by C.G. Lynch

Forrester: Enterprises Need Better Desktop Search for Employees

Aug 01, 20082 mins
Enterprise Applications

The lack of a good desktop search tool has caused many employees to download free software on the internet such as Google Desktop. A Forrester analyst talks about why such a strategy puts corporate data at risk.

The large amount of data being stored on personal computers and hard drives has caused many business users to download consumer search tools, such as Google Desktop, to find the documents they need. In a new report, Leslie Owens, a Forrester analyst, warns this consumer-driven discovery method puts company data at risk and behooves IT departments to adopt enterprise-worthy desktop search tools with administrative capabilities.


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In a survey of 565 online consumers who use computers at work during the day, 32 percent said they have downloaded desktop search software. The only two pieces of consumer technology to outpace desktop search was instant messaging software (38 percent) and Web browsers (35 percent).

According to Forrester’s Owens, consumers gravitated towards these desktop search tools because the ones that came installed on their machines proved inadequate.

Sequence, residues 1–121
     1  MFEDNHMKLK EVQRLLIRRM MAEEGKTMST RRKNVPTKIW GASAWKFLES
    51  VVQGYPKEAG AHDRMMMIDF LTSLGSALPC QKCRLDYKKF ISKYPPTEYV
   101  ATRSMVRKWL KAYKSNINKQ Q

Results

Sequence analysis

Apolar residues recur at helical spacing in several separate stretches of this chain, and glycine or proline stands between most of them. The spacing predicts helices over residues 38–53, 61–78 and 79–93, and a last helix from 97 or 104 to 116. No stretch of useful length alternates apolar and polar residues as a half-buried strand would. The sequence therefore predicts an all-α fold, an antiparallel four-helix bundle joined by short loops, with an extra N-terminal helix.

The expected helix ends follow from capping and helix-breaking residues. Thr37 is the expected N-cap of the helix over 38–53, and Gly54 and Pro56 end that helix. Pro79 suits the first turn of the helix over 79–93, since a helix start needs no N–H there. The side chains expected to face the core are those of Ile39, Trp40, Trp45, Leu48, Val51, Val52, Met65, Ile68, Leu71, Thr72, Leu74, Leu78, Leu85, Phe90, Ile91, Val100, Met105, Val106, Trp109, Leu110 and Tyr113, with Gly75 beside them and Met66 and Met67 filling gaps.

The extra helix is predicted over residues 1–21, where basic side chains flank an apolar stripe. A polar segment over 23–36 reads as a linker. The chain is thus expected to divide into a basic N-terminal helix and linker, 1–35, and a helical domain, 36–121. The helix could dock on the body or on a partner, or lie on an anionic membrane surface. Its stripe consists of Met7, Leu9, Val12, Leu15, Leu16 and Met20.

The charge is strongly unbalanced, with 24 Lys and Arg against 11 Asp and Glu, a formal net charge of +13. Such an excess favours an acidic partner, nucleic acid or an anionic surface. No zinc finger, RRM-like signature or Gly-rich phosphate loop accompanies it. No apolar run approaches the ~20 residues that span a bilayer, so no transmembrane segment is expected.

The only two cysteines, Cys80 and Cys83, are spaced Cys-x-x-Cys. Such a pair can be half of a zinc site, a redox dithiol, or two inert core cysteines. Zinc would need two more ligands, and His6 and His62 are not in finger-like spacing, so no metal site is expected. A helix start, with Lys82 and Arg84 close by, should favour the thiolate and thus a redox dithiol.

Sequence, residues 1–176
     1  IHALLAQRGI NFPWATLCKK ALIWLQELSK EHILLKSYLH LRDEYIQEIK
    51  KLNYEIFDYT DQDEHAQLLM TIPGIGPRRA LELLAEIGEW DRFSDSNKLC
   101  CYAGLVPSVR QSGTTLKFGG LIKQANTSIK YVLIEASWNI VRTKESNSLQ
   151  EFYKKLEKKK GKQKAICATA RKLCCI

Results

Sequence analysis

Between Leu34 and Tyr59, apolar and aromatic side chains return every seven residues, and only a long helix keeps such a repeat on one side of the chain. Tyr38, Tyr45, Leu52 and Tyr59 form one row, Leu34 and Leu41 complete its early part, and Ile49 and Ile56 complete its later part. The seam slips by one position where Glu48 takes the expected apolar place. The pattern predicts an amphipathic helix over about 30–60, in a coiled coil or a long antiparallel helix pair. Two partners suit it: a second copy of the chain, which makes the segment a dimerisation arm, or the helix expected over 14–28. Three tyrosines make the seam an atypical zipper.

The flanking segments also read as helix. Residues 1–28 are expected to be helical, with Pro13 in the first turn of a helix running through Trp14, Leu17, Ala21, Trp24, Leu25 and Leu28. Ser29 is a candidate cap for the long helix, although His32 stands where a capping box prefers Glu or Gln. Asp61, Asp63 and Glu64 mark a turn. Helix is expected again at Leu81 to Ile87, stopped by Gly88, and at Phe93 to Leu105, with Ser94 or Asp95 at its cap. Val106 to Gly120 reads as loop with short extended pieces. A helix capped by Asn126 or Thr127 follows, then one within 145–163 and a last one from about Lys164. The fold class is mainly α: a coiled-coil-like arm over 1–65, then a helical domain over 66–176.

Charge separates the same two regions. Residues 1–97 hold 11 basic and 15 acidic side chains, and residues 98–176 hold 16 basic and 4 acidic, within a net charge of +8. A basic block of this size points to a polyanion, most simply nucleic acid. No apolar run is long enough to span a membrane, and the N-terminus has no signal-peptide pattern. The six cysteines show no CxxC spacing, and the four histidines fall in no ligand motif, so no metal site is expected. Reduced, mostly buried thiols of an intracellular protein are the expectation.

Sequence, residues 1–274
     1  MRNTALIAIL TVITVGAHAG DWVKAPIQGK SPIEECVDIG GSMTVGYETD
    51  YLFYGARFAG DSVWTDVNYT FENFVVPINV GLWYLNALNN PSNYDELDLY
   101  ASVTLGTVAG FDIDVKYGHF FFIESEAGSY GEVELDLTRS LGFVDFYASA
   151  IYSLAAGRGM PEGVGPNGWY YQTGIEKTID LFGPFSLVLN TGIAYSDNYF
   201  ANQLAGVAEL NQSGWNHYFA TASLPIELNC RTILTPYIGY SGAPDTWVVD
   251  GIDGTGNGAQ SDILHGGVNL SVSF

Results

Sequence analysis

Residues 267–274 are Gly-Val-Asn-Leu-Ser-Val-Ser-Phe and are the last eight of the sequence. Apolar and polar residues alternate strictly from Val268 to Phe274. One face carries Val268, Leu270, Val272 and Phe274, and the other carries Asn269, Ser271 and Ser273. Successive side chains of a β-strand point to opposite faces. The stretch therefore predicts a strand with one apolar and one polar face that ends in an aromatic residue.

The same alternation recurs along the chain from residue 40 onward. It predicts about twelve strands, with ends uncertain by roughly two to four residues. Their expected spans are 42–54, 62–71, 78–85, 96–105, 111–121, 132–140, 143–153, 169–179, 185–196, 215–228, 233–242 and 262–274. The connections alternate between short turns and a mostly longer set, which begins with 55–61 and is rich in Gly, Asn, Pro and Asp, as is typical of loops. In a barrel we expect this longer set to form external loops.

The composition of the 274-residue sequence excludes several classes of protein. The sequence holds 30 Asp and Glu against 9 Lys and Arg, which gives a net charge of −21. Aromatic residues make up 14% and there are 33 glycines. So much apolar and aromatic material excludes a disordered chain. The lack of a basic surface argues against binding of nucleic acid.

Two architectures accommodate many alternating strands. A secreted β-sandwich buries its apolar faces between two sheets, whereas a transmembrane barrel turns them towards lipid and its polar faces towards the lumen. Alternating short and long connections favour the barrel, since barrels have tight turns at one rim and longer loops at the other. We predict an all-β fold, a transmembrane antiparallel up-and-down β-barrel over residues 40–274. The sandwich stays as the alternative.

“People are just looking for productivity enhancers because there is just so much information to look through,” she says.

The dangers of employees downloading consumer search tools? Owens offered the following examples:

  • The first is difficult e-mail discovery. People will “replicate email on their hard drive” so that their consumer search tool of choice can search it. The problem with this strategy is that it slows down eDiscovery efforts should they be required. “Imagine the logistical nightmare of trying to pull locally stored email caches from every employee’s hard drive in response to litigation,” Owens writes in the report.
  • Because a tool like Google Desktop can “search across computers,” people can gain access to their index from a work or home computer, increasing the chances that sensitive corporate data could be leaked, she says.
  • Most consumer search tools hold the ability to search multiple drives, meaning the “desktop search” might not be limited to that employees desktop at all. In fact, it could troll over company networks and servers.
  • Lastly, “non-techie” workers who aren’t going out and finding the consumer search tools will be at a disadvantage to their colleagues in terms of productivity tools.

Owens recommends buying a enterprise desktop search tool, such as Google Desktop Enterprise Edition, Microsoft Windows Search 4.0, Copernic Desktop Search Corporate Edition, ISYS:desktop; and X1 Professional client.

Such tools, she says, offer centrally managed consoles that let enterprises control access.